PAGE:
|Publication number||US5789960 A|
|Application number||US 08/707,695|
|Publication date||Aug 4, 1998|
|Filing date||Sep 4, 1996|
|Priority date||Sep 4, 1996|
|Also published as||WO1998010338A1|
|Publication number||08707695, 707695, US 5789960 A, US 5789960A, US-A-5789960, US5789960 A, US5789960A|
|Original Assignee||Control Gaging, Inc.|
|Export Citation||BiBTeX, EndNote, RefMan|
|Patent Citations (11), Referenced by (39), Classifications (9), Legal Events (5)|
|External Links: USPTO, USPTO Assignment, Espacenet|
1. Field of the Invention
The present invention relates to input circuits designed to electrically isolate logic and circuitry from an input signal. More particularly, the present invention relates to a universal input circuit configured to handle a wide range of both direct and alternating current inputs.
2. Background Information
In systems which use control logic, it is often desirable to electrically isolate the control logic from the system's input signal. Typically, electrical isolation is accomplished by using an opto-isolator between the input circuitry and the control logic. An opto-isolator generally comprises a light-emitting diode (LED) and a photodiode. The LED converts the electrical input signal into a light signal which is received by the photodiode and used to drive the output circuit. In turn, the output circuit is configured to produce a signal for driving the control logic.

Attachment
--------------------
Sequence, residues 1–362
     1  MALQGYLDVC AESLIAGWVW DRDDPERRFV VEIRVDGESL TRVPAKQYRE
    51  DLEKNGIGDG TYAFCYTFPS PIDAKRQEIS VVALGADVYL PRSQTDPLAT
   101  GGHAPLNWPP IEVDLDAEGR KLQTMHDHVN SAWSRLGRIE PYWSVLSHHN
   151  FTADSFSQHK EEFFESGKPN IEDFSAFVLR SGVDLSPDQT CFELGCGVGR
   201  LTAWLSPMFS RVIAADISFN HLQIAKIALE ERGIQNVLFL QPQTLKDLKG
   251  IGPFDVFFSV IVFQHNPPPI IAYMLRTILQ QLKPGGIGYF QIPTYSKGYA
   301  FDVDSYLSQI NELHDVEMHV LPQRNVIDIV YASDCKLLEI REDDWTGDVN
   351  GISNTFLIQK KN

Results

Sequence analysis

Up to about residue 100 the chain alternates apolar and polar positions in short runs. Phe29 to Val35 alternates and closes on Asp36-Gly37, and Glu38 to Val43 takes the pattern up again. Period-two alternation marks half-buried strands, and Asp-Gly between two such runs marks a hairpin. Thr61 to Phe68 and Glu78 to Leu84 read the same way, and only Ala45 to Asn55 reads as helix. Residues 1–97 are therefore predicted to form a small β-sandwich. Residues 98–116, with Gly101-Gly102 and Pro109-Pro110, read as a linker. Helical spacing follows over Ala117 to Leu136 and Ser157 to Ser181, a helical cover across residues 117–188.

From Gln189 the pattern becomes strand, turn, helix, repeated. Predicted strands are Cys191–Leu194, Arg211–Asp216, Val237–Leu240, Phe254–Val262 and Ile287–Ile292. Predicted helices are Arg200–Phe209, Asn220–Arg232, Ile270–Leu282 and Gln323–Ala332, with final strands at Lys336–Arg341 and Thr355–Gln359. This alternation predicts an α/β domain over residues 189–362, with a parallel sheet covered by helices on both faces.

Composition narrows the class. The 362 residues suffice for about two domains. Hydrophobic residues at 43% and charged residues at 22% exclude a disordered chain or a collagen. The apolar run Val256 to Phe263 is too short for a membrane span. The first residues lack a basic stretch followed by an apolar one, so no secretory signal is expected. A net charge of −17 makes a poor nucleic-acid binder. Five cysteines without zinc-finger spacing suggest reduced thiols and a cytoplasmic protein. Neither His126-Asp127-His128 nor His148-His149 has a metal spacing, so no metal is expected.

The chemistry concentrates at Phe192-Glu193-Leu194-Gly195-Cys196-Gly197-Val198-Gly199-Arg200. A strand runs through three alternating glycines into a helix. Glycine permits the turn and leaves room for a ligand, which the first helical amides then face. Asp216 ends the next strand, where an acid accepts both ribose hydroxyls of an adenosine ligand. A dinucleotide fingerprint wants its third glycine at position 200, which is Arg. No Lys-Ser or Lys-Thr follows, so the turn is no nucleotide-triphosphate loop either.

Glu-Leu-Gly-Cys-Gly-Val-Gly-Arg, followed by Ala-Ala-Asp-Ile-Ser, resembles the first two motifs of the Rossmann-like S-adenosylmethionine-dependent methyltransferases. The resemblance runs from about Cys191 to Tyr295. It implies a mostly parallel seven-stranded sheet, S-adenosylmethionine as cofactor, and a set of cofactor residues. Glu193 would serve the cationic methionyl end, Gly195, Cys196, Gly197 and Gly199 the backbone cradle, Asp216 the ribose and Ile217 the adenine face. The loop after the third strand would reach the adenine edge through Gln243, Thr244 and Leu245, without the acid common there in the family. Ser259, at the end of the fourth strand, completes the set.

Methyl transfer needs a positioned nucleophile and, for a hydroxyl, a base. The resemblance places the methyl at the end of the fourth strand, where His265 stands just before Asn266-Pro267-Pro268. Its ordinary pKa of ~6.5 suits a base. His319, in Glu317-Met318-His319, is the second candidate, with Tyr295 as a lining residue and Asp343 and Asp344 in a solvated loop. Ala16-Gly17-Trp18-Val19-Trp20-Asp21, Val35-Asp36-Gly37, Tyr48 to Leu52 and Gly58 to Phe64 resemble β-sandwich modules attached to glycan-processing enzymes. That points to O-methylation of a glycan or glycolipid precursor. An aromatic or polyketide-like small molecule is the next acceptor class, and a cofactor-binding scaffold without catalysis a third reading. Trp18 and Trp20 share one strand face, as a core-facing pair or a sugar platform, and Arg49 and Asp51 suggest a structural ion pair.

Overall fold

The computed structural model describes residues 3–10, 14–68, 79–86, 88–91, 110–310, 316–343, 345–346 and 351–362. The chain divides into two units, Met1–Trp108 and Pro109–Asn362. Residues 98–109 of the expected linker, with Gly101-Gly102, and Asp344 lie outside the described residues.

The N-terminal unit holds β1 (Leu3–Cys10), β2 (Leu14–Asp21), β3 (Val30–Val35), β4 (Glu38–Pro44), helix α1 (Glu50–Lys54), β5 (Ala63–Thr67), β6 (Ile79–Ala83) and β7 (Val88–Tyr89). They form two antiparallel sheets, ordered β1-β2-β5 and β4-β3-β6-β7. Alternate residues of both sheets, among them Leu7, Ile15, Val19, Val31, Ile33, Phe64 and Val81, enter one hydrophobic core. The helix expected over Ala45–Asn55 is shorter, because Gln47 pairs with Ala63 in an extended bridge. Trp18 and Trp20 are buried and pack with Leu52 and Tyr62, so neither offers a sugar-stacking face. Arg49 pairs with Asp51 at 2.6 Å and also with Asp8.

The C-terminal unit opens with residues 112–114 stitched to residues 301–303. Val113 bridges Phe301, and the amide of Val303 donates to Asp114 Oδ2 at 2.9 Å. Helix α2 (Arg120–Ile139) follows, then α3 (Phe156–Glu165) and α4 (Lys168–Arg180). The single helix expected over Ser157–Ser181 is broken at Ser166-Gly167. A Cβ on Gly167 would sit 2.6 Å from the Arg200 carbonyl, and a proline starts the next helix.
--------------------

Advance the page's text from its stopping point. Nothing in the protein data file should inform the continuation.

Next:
Presently available input circuits are usually designed for very specific applications so as to accept input signals having particular characteristics. For example, certain circuits are designed for accepting only AC signals, or for accepting only DC signals and, in general, such design is usually responsive only to signals of a particular relatively narrow range of amplitude levels. Therefore, not only are these circuits limited in their application, but it becomes necessary to determine ahead of time what input voltage will be applied in order to specify the proper input circuit.